ASIA/BANGLADESH - Anti-discrimination law urgently needed say Civil Society and religious communities

Tuesday, 19 February 2013

Dacca (Agenzia Fides) – The rights to "equal opportunities" and to equality, principles stated in the United Nations’ Universal Declaration of Human Rights, are also guaranteed by the Constitution of Bangladesh. Yet, nonetheless, in Bangladesh persistent discrimination is widespread: violence for reasons of gender, no access to education, rejection for reasons of caste or religion. This is why the country urgently needs a specific "anti-discrimination law" to put an end to such practices and punish perpetrators. The petition, promoted by civil society in Bangladesh, is supported and shared by the country’s religious communities and leaders, Christian and non. The statement, sent to Fides, is signed by various social organisations, including "Bangladesh Legal Aid and Services Trust" (BLAST), "FAIR", "Bangladesh Horijon Oikko Porishod", "Manusher Jonno Foundation" and other groups which defend the rights of Dalits .
The statement denounces first of all discrimination for reason of caste: constitutional prohibition of this sort of discrimination is never applied and caste hierarchy, with connected discrimination, is widespread among Muslims and Hindus in Bangladesh. Most Dalits live well below the poverty line and have very limited access to health care and schooling. Another form is discrimination for reasons of race or ethnic origin : indigenous peoples in Bangladesh are still discriminated against, subjected to "land grabbing" and violation of rights.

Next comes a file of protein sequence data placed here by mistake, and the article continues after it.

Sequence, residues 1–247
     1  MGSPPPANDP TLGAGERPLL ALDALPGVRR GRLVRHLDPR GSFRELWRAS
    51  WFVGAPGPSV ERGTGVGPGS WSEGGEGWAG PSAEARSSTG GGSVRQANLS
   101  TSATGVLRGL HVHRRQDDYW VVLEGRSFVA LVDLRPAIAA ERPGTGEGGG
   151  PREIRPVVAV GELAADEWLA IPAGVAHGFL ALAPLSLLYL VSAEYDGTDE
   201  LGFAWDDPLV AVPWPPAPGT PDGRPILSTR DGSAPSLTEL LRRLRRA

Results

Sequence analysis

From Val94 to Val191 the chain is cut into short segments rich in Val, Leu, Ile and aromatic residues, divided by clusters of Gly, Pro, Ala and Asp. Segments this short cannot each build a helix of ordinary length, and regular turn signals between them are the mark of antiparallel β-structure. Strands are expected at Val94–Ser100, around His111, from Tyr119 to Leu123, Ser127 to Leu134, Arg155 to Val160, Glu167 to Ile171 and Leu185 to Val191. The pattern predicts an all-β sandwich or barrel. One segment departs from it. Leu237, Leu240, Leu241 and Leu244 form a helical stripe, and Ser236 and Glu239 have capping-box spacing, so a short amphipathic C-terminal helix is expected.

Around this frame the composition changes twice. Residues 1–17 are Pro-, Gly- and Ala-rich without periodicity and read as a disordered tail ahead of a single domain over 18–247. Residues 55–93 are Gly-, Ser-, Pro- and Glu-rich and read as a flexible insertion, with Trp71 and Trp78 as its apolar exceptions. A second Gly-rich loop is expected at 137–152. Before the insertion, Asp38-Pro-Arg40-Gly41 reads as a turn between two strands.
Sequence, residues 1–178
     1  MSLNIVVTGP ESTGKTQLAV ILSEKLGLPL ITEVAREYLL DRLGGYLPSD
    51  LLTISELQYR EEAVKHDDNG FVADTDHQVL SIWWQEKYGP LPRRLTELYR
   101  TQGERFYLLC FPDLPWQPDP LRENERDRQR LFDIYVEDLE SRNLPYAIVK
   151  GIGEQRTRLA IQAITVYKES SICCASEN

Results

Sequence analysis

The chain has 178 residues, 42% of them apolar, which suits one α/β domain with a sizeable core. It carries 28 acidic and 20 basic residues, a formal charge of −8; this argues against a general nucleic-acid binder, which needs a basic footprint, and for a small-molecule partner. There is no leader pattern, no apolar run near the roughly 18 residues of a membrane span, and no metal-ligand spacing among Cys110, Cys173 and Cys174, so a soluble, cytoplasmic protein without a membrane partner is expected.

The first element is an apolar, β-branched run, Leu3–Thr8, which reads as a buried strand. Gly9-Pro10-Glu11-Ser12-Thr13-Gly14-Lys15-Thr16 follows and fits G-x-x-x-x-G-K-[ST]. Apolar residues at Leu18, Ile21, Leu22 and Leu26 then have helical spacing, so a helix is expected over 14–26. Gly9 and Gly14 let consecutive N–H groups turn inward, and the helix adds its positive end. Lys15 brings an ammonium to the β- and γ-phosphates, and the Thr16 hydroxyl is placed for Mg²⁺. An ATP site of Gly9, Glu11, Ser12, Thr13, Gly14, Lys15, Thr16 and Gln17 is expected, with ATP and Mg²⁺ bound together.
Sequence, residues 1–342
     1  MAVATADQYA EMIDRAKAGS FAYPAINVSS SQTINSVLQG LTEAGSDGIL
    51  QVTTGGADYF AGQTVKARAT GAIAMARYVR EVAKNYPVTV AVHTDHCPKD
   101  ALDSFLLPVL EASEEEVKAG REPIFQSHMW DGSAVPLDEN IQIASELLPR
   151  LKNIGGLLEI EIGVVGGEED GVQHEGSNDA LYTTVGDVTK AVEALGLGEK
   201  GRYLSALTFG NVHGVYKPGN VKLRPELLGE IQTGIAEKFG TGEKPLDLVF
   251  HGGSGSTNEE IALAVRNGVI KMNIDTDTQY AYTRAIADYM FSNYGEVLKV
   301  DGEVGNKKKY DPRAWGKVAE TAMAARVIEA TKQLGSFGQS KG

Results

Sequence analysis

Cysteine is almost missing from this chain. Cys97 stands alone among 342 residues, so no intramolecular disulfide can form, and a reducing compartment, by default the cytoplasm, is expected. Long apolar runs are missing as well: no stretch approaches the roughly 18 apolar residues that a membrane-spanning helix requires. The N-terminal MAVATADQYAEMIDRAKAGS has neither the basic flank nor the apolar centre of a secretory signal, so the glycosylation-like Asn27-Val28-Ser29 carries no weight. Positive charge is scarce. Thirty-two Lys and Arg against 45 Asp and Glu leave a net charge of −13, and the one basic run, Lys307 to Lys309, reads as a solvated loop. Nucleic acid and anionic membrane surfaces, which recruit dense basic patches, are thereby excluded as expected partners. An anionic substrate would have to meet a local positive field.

Just as strong is discrimination for religious reasons: despite the fact that the country’s Constitution speaks of a secular political system, the 8th amendment to the Constitution declares Islam the "state religion" and provokes, in fact, "class distinction between Muslim and non Muslim citizens ". State laws also discriminate against religious minorities taking away their land. There is still a high percentage of violence against religious minorities, Buddhists, Ahmadhi, Christians, which goes mainly unpunished.
Another most serious and widespread form is discrimination against women: women do not have the same rights as men, they are forced into marriage, they are denied the right to inherit, and denied even basic education. They suffer frequently from sexual abuse and rape, but the law offers no protection and the aggressors go unpunished . Women according to sociocultural traditions have no right to decision making in the family or in the community, they live in total subjection to men.
Other citizens discriminated against include: disabled persons, persons with AIDS, homosexuals.
The Bangladesh civil society forum is urging the government to take legislative measures to apply the principle of equality and to prevent all forms of different treatment for reasons of ethnic origin, caste, religion, gender or place of birth. (PA) (Agenzia Fides 19/2/2013)